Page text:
Review: How I Ended This Summer

A sort of reductio ad absurdum of the long-take approach to filmmaking, How I Ended This Summer is tedium incarnate.

How I Ended This Summer
Photo: Film Movement

A sort of reductio ad absurdum of the long-take approach to filmmaking, How I Ended This Summer is tedium incarnate—which may be precisely director Alexei Popogrebsky’s point. The Russian filmmaker’s two-character anti-drama channels the banality of daily routine at a Russian meteorological station located on a remote Arctic island. Slowing its rhythms to the sluggish pace of a life that revolves around little more than taking periodic readings on seemingly antiquated equipment, the film’s odd turn into psychological thriller only leads to the introduction of even longer stretches of unproductive dead time. Bringing a contemplative approach to a genre piece—or what here amounts to a little sketch of a genre piece—is a potentially fruitful idea, but Popogrebsky’s conception is so slack and uncertain that it yields frustratingly little.

Early on, as the film establishes its two-character dynamic, the director occasionally interrupts his quiet, fixed takes with loud bursts of sound, mostly tied to the figure of Pavel Danilov (Grigory Dobrygin), the younger of the two technicians. A fan of heavy metal music and first-person shooters, Pavel’s pastimes take over the audio channels for brief moments of time, suggesting a pent-up tension in the seemingly uneventful station house. These tensions mount when Pavel receives a message for his partner, the older and sternly menacing Sergei Gulybin (Sergei Puskepalis), while the latter is away fishing, informing him of the death of his wife and son. Intimidated by the older man, Pavel stumbles in his attempt to deliver the message and failing at first to relay the information, the moment passes, and he keeps mum for what probably amounts to weeks. As radio transmissions threaten to inform Sergei of the deaths, the film builds a measure of tension out of the potential for discovery. As he attempts to avoid detection and possible harm at the hands of his wrathful partner, the increasingly unstable Pavel turns to increasingly desperate gestures, secretly working to disable the radio.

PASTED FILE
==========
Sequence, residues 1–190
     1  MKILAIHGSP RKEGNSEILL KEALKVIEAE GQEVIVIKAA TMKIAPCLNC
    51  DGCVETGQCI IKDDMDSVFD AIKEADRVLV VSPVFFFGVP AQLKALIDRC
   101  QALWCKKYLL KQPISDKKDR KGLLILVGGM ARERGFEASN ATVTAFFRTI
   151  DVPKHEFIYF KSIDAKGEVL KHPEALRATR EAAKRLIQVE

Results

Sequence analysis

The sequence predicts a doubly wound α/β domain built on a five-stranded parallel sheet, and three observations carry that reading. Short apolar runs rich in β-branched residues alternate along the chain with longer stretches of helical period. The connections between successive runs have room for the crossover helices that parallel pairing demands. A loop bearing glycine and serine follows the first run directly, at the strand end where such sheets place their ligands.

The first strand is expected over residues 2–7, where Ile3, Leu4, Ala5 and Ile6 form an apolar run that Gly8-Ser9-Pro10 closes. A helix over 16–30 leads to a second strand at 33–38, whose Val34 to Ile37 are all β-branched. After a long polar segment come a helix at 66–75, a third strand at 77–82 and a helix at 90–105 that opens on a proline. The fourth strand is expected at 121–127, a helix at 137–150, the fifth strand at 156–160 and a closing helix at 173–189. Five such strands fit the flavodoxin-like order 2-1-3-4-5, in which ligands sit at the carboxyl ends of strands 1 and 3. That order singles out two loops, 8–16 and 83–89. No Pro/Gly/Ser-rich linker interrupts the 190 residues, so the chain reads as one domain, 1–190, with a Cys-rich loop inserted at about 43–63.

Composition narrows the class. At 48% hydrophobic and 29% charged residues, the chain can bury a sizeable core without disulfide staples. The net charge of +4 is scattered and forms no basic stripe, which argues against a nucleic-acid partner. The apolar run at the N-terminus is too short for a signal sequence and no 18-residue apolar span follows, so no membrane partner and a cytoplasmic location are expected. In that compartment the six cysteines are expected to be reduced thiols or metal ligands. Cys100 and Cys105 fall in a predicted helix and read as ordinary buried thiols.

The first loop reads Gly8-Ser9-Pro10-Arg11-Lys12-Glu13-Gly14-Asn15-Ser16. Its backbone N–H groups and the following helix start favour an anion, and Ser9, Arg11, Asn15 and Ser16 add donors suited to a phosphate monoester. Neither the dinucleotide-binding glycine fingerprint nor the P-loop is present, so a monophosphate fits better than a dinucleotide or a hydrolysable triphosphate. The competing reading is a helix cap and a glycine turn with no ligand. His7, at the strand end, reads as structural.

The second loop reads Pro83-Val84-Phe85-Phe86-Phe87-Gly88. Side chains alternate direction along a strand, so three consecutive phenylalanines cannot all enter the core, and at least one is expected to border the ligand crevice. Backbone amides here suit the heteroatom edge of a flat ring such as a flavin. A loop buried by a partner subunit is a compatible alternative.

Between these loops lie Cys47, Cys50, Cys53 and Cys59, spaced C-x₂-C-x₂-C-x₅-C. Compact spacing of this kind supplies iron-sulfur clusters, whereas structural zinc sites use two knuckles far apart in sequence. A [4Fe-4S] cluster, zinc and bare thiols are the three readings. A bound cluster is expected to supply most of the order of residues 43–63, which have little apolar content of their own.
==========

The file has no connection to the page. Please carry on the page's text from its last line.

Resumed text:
But after the younger man finally reveals the information to Sergei, the film falls into a disastrous third act from which it never recovers. Nearly the entire balance of the film is taken up by a half-hour-plus chase sequence that’s perverse in its deliberate refusal of suspense; this excruciating movement is among the least pleasurable sequences in the cinema. In place of any narrative tension, all we’re left with is the vague expressions of madness on Grigory Dobrygin’s face and shots of the Arctic landscape which, given the majestic setting, result in some pretty pedestrian imagery.

As the chase comes to a predictable non-conclusion, it becomes clear that Popogrebsky is quite calculated in his withholding of the expected gratifications of the chase narrative, but until then his command over his material has seemed so tentative, it’s been difficult to be sure. In the end, the film is so committed to frustrating every pleasurable quality that we may expect to look for in its construction—narrative tension, visual uplift, even the intellectual pleasures of a rigorous conception—that it finally amounts to exactly nothing.

 Cast: Grigory Dobrygin, Sergei Puskepalis  Director: Alexei Popogrebsky  Screenwriter: Alexei Popogrebsky  Distributor: Film Movement  Running Time: 124 min  Rating: NR  Year: 2010  Buy: Video

Andrew Schenker

Andrew Schenker is an essayist and critic living in upstate New York. His writing has appeared in The Baffler, The Village Voice, Artforum, Bookforum, The Los Angeles Review of Books, and others.

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